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Bishop to Congress: Religious freedom subject to 'rapid erosion'

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The bishop placed in charge of the U.S. bishops' new ad hoc committee for religious liberty testified Wednesday in Congress that religious freedom in the country is subject to "ever more frequent assault and rapid erosion."

In testimony before the House of Representatives' subcommittee dealing with issues of constitutional rights Wednesday, Bishop William Lori said the bishops want to call congressional attention to "grave threats to religious liberty" that are "grim validations of the bishops' recognition of the need for urgent and concerted action."

Lori, head of the Bridgeport, Conn., diocese, was announced as the head of the bishops' new committee Sept. 30.

At the time of the announcement, Archbishop Timothy Dolan, the bishops' conference president, said an assault on principles of religious liberty is coming "in an increasing number of federal government programs or policies that would infringe upon the right of conscience of people of faith or otherwise harm the foundational principle of religious liberty."

Lori testified before the House's judiciary committee's subcommittee on the Constitution as part of a hearing on "The State of Religious Liberty in the United States."

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Sr. Mary Ann Walsh, the bishops' conference spokesperson, said Lori was invited to testify by the subcommittee's chairperson, Congressman Trent Franks, R-Ariz., because religious freedom "is a big issue to" the congressman. While Lori's testimony as given to the subcommittee isn't yet available, the bishop's full written testimony is available online from the bishops' conference.

Lori started with an overview of the theological and philosophical underpinnings for religious freedom, citing documents from the Second Vatican Council, Popes John Paul II and Benedict XVI, and the First Amendment to the U.S. Constitution.

Lori noted that while the United States "may not have always lived up to this or other religious freedom principles in practice, our country's unique capacity for self-correction has always provided avenues to repair to these principles that have made it a great nation."

"Regrettably, now is the time for such self-correction and repair," he wrote.

Lori's written testimony then called out a number of federal and state policies that, the bishop wrote, have brought religious freedom under "ever more frequent assault and rapid erosion."

Among the policies and laws Lori singled out were:

  • A U.S. Department of Health and Human Services mandate that health insurance plans cover contraceptives and sterilization as "preventative services" in health care plans.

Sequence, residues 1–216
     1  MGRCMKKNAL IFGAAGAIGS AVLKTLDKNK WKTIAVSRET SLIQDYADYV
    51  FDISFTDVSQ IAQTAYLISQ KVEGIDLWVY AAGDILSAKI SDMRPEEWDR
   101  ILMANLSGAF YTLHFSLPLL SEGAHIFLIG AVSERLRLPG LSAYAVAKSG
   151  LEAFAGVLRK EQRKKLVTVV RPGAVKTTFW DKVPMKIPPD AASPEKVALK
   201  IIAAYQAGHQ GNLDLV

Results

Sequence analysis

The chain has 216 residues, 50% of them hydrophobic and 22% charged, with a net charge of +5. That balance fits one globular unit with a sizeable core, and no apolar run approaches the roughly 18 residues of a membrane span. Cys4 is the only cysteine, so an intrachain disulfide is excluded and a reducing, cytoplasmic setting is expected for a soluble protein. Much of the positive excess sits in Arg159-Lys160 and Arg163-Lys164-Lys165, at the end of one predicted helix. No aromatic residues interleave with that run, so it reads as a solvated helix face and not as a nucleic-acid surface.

• A new requirement from the same department that government contracts to those who provide services to victims of human trafficking only go to those that provide contraceptive and abortion services. Lori says that requirement assures that the bishops' Migration and Refugee Services "will be barred from participation in the program."

  • Moves by the Department of Justice to stop defending the Defense of Marriage Act, which defines marriage as between a man and a woman, in legal cases, and to file legal briefs questioning the law's constitutionality.

  • New state laws that, Lori said, have "fallen far short of what is necessary" to protect religious freedoms associated with the "redefinition of marriage." After the recent approval of gay marriage in New York, clerics there have faced "legal action for refusing to participate in same-sex unions," according to Lori. He also said a recent decision by Illinois' Catholic Charities to stop providing adoption and foster care services was precipitated by the fact that the organization "recognizes the unique value of man-woman marriage for the well-being of children."

Lori's testimony also gives some background into the U.S. bishops' decision to form their new committee. The bishops, Lori said, first decided to put together the ad hoc group in June.

"That I am already appointed as Chair represents action at near light-speed in Church time, and attests to the urgency of the matter from the Bishops' perspective," Lori wrote.

While Lori wrote that the "root causes of these threats are profound" and must be addressed "apart from government action," he recommended that Congress take action on several bills to "treat the symptoms immediately, lest the disease spread so quickly that the patient is overcome before the ultimate cure can be formulated and delivered."

Among the bills Lori said Congress should pass are the "Protect Life Act," which passed the House on Oct. 13, and the "Respect for Rights of Conscience Act."

The "Protect Life Act" would prohibit women covered under the health care reform law from buying health insurance plans that cover abortion and would make it legal for hospitals to deny abortions to pregnant women with life-threatening conditions. The "Respect for Rights of Conscience Act" would allow certain religiously affiliated institutions to opt out of other coverage requirements in the reform bill.

Beyond legislation, Lori also wrote that the Department of Justice's decision to stop defending the Defense of Marriage Act seems to "warrant congressional inquiry."

Among the House subcommittee's areas of oversight are constitutional amendments, constitutional rights and issues relating to federal civil rights.

Also providing testimony before the subcommittee on issues of religious liberty were United Church of Christ minister Barry Lynn, the executive director of Americans United for a Separation of Church and State, and Colby May, senior counsel with the American Center for Law and Justice.

[Joshua J. McElwee is an NCR staff writer. His email address is jmcelwee@ncronline.org.]

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